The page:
There are a multitude of options when it comes to deciding where and how to store your cryptocurrency and the security keys that make it all possible.
You could store your coins in hardware wallets, software wallets, on the exchange you bought them from, or use some other custodial service to look after them for you. All have their pros and cons, but with Dutch bank, ABN AMRO’s latest news, there looks to be a new kid on the block.
Earlier this week, ABN AMRO appeared to confirm via Twitter that it’s running a trial of a new cryptocurrency wallet with 500 select customers. The wallet, called “Wallie,” is said to offer a digital asset storage tool as part of ABN AMRO’s run-of-the-mill online banking portal.
According to imagery shared on Twitter, the trial will offer customers the opportunity to test the wallet which promises an easy and familiar way to manage your Bitcoin.
It seems Bitcoin BTC is the only coin supported at the moment.
However this isn’t entirely the case. The email that was sent to customers was to gauge interest and opinion on whether they even want a Bitocin wallet, and if so, what features it should have. The images being shared on Twitter are just mock ups.
“Earlier this month, ABN AMRO asked 500 clients via email whether they would be interested in a [Bitcoin] wallet. If so, they could follow a link in the email to a mock up design and answers questions about what features the bitcoin wallet should have, should we decide to design one,” an ABN AMRO spokesperson told Hard Fork. “So this is one of our ways to engage with clients and find out what kind of services they want.”
Despite the obvious fanfare surrounding the possible release of an official bank supported Bitcoin wallet, the ABN AMRO spokesperson made it clear to Hard Fork that “there is no actual bitcoin wallet to be tested, not even a beta version.”
Indeed, according to further Tweets, ABN AMRO confirmed that it has rolled out the trial to investigate and understand what role it should be playing the cryptocurrency world. The bank is currently in talks with financial regulators, the Autoriteit Financiële Markten (AFM) and De Nederlandsche Bank (DNB), to understand what it is that customers need from banks in relation to cryptocurrencies.
Some outlets also reported that ABN AMRO would be offering €6,000 ($6,800) worth of insurance against any digital assets held in the wallet. When asked, ABN AMRO’s spokesperson was unable to comment and clarify this any further.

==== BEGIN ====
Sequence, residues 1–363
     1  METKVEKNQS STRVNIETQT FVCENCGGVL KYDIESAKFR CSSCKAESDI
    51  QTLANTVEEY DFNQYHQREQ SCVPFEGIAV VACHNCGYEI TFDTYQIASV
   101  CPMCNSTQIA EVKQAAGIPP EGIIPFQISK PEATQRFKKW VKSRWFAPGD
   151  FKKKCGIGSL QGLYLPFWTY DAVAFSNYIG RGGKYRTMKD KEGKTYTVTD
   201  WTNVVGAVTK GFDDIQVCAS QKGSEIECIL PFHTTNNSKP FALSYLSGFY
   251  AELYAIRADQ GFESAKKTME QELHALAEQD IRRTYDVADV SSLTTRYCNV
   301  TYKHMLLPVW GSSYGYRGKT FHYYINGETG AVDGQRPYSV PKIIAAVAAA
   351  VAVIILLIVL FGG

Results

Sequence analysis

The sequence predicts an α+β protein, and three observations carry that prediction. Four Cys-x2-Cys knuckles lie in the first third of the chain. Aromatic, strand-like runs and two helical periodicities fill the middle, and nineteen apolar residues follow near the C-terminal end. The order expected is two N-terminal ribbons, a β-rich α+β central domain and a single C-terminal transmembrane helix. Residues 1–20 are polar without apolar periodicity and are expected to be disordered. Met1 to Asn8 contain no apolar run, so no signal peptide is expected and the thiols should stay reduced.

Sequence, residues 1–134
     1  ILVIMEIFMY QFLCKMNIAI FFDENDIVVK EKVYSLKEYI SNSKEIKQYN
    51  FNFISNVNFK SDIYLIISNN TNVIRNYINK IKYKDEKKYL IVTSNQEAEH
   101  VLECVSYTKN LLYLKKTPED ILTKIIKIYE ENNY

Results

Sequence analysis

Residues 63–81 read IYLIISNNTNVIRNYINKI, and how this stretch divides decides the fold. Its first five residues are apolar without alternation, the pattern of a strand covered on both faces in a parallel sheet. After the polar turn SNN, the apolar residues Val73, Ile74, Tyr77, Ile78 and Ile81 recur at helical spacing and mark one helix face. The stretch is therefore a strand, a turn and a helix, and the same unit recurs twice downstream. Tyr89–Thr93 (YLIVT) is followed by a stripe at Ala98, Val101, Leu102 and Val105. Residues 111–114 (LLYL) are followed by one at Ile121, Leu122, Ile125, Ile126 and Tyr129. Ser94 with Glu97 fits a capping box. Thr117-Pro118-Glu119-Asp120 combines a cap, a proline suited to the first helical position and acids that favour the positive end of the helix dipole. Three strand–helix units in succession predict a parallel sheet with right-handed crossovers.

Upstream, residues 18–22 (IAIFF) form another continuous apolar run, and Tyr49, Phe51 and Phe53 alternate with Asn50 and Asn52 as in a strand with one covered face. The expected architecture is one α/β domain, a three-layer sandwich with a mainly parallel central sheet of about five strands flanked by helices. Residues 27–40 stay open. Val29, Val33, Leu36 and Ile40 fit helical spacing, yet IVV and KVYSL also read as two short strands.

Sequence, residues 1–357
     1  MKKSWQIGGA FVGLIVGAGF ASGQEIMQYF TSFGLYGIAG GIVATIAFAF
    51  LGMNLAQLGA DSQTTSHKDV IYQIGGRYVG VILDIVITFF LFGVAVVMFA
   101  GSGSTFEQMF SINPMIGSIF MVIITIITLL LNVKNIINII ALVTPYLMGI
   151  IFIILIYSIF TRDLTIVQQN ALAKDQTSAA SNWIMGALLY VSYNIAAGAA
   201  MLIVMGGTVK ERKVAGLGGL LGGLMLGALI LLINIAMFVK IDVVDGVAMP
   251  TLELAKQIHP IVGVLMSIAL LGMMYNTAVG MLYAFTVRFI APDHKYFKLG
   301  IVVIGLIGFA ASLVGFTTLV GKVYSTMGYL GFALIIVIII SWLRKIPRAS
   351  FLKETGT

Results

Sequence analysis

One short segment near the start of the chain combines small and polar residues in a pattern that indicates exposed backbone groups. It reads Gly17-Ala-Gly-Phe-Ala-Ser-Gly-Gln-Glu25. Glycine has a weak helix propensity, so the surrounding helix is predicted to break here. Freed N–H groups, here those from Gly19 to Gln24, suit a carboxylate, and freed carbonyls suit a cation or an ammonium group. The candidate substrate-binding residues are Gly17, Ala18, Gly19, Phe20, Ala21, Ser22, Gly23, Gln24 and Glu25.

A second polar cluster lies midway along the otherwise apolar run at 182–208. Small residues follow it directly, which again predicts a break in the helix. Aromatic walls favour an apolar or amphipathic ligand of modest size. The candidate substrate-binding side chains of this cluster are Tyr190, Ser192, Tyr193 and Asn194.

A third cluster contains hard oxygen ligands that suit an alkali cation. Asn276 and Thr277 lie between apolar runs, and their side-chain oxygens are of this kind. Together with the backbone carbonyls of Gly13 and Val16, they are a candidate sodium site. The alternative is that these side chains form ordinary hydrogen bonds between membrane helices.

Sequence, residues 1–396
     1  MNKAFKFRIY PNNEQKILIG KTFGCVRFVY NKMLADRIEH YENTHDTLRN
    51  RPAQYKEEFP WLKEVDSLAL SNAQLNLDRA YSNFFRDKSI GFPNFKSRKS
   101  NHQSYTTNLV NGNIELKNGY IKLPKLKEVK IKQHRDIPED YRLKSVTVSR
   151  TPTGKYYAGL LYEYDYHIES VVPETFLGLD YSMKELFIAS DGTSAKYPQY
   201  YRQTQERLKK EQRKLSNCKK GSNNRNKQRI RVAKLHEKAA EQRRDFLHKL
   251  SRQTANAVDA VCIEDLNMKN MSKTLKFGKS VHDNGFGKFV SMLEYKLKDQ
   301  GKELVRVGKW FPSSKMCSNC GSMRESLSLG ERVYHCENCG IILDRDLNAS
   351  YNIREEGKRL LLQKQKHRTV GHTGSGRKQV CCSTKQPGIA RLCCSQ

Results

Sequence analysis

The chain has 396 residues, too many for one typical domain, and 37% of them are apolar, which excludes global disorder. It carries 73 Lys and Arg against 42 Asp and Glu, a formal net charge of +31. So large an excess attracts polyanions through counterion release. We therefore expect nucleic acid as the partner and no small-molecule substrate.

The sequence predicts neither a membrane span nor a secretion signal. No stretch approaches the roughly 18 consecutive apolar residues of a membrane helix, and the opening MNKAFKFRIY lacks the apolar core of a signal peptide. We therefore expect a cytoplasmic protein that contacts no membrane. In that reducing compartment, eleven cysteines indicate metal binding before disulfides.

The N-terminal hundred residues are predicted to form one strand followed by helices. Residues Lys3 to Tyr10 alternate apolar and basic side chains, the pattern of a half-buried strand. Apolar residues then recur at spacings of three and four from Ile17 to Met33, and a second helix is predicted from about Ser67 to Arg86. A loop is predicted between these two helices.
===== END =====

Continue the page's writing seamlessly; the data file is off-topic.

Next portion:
So let’s all take a step back for a moment. Depending on how this trial inquiry goes, we might not even get a real life “Wallie”. However, it’s a positive sign that the bank is moving cautiously to carefully consider what its role should be in a future filled with cryptocurrencies.
A change of tone?
This news might mark the beginning of a change of tone from ABN, which has historically been very apprehensive of Bitcoin and other cryptocurrencies.
Of course, when any bank starts flexing its corporate muscle in the world of cryptocurrencies it’s going to divide the community. “Not your keys, not your coins” is a common retort you’ll hear in retaliation to this news.
Indeed, how you store your cryptocurrency is a contentious issue. It’s fraught with technological, moral, and ideological dilemmas.
If you buy into cryptocurrency because you disagree with the way banks operate and the governmental control over fiat money, then having your private keys stored in a bank probably isn’t for you. But I bet you have some fiat in a bank right now. So why should storing some cryptocurrency in a bank be any different.
That said, if you decide to hold your cryptocurrency yourself you are also responsible for its keys. Lose the seed phrase, you lose your coins. There’s the possibility that your house burns down and takes all your cryptocurrency with it.
For some people, keeping your cryptocurrency in a bank, potentially protected by some insurance is the safest bet. Of course in this case we’d also want to see regulations that support the customer and their right to control the funds as they please.
Published January 24, 2019 — 13:17 UTC
Source: The Next Web